Clare Scott

Clare Scott

“Qualifications are great, but we’re equally interested in the teen who’s built a server in their garage.” Laura Casci, Head of Delivery (Scotland), BJSS

This was just one of the gold nuggets from a recent insight session I attended on the digital and ICT sector. Organised by Skills Development Scotland, it included a presentation from major tech employer BJSS, which lifted the lid on common misconceptions about digital careers.

Here’s the deal. Tech is one of the fastest growing sectors in Scotland; the country needs around 13,000 new people each year. But demand far outstrips supply with only 5,200 graduating in Computer Science annually and – perhaps more worryingly - a lukewarm uptake of the subject in secondary schools.

What can be done to address the shortfall? Collaboration is key. Here are some actions that tech companies, schools and parents can all get behind:

Tech companies

Many tech organisations are aware of the issue and want to be part of the solution. Signing up to the Digital Technology Education Charter allows them to cement their commitment to inspiring the next generation. Financial support to encourage relevant activities can be applied for via the Digital Xtra Fund. Tech companies can also use Marketplace – an employer/schools portal – to upload any events or activities they can offer for pupils.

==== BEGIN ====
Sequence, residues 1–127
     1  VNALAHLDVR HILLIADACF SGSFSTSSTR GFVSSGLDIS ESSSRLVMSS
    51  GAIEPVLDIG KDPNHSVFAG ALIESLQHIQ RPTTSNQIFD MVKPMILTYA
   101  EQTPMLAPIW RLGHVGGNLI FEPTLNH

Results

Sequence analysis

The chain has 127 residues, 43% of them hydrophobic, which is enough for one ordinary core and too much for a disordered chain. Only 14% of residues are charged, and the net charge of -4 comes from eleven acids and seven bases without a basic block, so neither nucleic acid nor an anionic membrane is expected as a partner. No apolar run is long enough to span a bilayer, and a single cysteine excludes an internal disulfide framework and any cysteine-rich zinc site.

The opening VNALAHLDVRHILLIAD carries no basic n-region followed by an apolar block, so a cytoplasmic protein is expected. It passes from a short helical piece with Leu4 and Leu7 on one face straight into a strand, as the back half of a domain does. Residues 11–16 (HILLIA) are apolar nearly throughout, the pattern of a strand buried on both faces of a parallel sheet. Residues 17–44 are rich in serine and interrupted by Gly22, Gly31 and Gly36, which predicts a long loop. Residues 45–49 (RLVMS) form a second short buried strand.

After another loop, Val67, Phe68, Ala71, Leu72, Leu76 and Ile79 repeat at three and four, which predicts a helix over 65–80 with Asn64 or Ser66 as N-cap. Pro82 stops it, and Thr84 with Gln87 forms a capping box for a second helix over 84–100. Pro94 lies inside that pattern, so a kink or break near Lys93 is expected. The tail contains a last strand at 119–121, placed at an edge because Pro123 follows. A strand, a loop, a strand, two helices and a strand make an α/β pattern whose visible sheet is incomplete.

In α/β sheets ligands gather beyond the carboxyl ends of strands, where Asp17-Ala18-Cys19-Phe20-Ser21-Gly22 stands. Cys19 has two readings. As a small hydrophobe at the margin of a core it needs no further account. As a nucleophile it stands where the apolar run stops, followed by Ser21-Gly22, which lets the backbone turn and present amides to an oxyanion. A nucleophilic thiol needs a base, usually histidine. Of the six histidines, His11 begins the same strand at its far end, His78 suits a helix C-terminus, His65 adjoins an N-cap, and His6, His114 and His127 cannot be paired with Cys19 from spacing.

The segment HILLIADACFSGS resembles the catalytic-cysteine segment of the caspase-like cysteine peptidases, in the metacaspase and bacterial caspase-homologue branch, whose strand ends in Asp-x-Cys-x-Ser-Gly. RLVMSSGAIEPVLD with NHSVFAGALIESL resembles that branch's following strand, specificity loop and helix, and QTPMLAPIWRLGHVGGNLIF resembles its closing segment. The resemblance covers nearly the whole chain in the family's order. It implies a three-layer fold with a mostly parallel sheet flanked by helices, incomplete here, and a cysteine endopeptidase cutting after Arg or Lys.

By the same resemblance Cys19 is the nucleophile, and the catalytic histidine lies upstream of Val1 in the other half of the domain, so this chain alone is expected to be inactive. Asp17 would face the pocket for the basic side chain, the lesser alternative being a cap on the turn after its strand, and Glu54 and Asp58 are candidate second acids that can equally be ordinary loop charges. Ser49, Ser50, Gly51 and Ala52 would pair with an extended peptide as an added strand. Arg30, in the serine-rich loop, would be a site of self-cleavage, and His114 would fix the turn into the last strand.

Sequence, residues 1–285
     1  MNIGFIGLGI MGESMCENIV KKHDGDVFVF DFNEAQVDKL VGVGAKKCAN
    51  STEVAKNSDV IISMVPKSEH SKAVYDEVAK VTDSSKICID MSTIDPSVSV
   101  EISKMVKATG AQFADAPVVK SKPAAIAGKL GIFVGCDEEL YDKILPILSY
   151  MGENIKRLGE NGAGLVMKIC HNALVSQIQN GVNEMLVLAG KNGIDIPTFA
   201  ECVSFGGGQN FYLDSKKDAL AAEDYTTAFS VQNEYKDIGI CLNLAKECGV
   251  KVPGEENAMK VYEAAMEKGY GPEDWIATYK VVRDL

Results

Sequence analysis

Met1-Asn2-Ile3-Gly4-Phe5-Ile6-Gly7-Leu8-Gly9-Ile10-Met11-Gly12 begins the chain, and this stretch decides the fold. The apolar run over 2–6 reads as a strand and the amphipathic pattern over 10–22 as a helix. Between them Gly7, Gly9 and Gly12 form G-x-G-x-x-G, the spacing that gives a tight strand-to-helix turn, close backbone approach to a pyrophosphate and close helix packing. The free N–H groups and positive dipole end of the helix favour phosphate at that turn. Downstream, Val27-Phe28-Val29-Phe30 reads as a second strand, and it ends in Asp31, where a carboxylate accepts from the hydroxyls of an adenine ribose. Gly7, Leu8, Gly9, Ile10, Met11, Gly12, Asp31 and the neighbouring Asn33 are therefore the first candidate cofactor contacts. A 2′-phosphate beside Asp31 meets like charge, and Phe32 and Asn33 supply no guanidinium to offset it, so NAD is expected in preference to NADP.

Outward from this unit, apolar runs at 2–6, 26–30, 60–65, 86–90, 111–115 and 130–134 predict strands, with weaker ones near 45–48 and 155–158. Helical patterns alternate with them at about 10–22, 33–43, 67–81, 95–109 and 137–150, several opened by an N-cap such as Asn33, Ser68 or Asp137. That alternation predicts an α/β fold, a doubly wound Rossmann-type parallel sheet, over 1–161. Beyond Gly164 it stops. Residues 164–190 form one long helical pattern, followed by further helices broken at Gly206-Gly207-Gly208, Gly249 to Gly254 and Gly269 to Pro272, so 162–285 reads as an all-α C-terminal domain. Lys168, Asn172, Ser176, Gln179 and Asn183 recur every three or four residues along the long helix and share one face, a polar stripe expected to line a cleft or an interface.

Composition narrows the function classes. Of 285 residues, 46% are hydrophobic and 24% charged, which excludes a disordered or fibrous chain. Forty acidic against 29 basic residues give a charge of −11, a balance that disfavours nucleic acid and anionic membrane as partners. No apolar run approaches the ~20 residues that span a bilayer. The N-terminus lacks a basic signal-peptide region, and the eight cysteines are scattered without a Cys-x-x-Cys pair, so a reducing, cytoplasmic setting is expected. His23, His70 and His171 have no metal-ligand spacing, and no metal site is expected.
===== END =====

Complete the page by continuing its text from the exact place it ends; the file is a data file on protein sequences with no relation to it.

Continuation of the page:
Educators can take up offers from employers to bring the subject of Computer Science to life in the classroom. Doing so will also raise awareness of the diversity and range of opportunities on offer. Importantly, they can reinforce the message that the right skills matter as much as the right qualifications. Self-awareness, communication, networking, attitude and a love of tech all feature on the BJSS candidate checklist.


Many of our children will work in jobs that don’t yet exist. Mind boggling. It’s hard to talk up a career path that’s unclear, however parents can instead talk confidently about the volume of tech opportunities that exist and the skills that employers are looking for. Prospects are positive too, with apprentices earning up to £18K, rising to £28-£40K for graduates and £50-85K for experienced hires.

Parting thoughts

Banish the idea that jobs in tech are sedentary roles involving huge amounts of screen time and extensive knowledge of codes, languages and scripts. Opportunities exist across business management, sales and marketing, product design, development, client liaison and engineering. Coding, languages and scripts may be part and parcel of the tech sector, however its raison d’être is to solve problems and enhance lives. Like smart watches that alert a loved one if you fall and the check-in apps that have allowed COVID-hit cafés to reopen. Who wouldn’t want to be a part of that?

Clare Scott is an Employer School Coordinator with Developing the Young Workforce (DYW) North East, the vital link connecting schools and businesses. Contact her on or follow her on Twitter @ClareDYWNE.